Open access typically refers to journal articles and monographs that are published under an open license and are available for anyone to access and reuse, without paywalls, logins, or other barriers to access. Sometimes you might find copyrighted content that is free to read online, but this content is not openly licensed and may not be reused without permission. By removing barriers to access, OA publishing makes your work more visible. This increased visibility leads to an increase in downloads and citations of OA articles compared to those published by subscription journals. People all over the world are able to read your research, freely share it with others, build on what you have written, and create networks of academics doing similar work.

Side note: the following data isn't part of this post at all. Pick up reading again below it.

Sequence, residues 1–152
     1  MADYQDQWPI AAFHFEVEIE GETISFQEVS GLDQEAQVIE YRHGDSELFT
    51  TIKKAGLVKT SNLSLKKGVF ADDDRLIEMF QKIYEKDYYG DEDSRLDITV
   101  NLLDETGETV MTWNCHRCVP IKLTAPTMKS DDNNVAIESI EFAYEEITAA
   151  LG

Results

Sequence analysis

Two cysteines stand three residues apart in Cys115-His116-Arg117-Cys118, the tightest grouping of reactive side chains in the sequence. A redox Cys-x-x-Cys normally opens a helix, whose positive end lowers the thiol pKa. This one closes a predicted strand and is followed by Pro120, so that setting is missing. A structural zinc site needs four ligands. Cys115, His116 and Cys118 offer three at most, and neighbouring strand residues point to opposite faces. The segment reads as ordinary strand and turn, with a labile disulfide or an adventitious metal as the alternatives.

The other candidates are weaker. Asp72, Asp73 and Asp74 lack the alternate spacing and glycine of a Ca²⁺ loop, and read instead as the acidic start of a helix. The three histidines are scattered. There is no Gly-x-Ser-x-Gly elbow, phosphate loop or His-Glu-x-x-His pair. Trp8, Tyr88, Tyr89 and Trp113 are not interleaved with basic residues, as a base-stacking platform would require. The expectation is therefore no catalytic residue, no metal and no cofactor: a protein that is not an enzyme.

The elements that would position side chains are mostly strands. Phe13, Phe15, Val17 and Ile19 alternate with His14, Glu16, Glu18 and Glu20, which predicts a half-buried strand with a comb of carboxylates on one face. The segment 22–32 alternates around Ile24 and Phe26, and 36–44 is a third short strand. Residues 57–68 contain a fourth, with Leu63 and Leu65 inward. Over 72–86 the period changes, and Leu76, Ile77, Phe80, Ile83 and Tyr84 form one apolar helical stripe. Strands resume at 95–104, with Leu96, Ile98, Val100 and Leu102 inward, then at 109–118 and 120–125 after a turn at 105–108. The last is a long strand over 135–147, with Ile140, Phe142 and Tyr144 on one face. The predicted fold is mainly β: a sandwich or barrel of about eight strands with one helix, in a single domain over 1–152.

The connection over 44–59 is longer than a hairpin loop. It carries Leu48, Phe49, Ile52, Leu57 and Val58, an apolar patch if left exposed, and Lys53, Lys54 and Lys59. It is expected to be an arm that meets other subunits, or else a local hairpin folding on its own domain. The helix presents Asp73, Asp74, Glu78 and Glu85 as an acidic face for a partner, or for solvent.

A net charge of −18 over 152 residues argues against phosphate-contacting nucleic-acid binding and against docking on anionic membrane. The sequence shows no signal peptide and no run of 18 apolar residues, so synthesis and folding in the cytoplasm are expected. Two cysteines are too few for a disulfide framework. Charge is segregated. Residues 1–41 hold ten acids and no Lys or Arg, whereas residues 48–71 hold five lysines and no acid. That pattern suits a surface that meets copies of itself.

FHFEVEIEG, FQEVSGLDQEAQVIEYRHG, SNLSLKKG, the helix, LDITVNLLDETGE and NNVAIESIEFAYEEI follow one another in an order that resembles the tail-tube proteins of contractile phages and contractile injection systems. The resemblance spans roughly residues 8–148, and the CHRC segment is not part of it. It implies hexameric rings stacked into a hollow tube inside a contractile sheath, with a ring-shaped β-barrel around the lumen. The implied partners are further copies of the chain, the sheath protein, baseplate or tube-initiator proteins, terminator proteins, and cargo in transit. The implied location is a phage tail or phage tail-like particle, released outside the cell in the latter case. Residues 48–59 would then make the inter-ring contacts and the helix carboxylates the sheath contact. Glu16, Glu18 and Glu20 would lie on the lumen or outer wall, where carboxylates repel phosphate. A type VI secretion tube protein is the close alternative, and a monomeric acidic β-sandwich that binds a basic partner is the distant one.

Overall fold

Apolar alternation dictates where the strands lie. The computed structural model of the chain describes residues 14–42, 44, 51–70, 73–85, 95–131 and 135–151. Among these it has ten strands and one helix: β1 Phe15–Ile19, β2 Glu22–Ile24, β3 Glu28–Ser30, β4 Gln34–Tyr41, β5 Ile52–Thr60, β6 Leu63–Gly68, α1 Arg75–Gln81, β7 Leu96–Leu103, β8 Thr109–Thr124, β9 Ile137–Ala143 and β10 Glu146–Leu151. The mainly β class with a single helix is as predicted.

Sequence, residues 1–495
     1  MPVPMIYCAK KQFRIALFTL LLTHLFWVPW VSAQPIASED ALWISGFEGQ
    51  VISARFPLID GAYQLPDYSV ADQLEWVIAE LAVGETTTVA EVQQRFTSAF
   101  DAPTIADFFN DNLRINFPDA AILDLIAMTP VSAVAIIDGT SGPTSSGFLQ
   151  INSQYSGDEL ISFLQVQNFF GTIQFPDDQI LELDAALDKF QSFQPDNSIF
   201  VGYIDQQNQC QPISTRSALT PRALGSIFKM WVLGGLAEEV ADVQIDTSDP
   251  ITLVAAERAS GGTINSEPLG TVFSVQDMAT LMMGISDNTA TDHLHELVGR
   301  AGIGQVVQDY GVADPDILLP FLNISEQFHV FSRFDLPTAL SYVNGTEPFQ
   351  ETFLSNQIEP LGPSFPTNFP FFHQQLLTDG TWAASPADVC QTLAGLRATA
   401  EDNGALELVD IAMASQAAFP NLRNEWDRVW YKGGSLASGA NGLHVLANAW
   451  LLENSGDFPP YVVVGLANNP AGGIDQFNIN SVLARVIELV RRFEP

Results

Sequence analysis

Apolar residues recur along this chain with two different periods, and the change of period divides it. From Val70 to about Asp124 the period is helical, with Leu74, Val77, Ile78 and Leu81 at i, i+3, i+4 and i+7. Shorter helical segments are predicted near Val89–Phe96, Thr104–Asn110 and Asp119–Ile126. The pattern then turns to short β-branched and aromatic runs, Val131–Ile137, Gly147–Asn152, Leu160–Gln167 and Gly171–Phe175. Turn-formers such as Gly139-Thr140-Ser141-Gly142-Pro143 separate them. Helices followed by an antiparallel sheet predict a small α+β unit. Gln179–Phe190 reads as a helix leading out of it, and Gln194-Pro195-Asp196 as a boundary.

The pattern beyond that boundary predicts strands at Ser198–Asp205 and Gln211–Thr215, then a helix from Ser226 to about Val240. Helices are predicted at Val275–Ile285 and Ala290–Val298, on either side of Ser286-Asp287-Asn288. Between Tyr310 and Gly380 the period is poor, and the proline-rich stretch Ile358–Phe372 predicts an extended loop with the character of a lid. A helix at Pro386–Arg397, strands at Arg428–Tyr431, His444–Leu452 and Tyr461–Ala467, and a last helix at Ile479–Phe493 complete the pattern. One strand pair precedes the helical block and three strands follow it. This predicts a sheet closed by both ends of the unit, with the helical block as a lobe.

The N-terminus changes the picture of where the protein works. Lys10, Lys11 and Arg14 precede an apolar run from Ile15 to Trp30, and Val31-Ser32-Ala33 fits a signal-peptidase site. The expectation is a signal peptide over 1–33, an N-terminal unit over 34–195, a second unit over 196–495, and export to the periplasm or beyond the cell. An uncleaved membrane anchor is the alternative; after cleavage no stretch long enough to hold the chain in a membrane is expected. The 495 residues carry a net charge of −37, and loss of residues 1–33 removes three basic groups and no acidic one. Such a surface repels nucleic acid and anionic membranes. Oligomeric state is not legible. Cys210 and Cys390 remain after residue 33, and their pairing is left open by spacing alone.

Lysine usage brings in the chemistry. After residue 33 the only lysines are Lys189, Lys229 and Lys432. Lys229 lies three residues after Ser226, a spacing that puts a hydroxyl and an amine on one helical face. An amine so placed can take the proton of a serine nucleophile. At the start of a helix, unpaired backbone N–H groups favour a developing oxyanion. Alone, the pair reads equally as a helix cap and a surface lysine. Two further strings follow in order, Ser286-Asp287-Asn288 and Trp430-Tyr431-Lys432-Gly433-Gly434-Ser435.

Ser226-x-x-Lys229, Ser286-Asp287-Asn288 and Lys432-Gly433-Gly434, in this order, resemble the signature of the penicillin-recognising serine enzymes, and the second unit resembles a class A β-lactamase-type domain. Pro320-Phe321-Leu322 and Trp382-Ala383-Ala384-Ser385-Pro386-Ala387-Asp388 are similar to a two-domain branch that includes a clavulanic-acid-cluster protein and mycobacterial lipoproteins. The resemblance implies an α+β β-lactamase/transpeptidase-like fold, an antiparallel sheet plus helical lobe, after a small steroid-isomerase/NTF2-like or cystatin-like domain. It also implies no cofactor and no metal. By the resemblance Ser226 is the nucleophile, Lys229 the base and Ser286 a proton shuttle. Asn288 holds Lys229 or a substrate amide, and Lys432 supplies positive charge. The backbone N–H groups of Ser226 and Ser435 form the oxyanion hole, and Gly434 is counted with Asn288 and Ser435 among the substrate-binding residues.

Creative Commons (CC) is a non-profit organization and international network devoted to educational access and expanding the range of creative works available for others to build upon legally and to share. The organization has released several licenses that allow authors of creative works to communicate which rights they reserve and which rights they waive for the benefit of recipients or other creators. Content owners still maintain their copyright, but Creative Commons licenses give standard releases that replace the individual negotiations for specific rights between copyright owner (licensor) and licensee, that are necessary under an "all rights reserved" copyright management. More information can be found on this guide.
Learn more about sharing your work and picking a license. The FAQ page can help you determine how to combine material under different CC licenses, which CC licenses you can use or apply to derived or adapted material, compliance with licenses, and much more.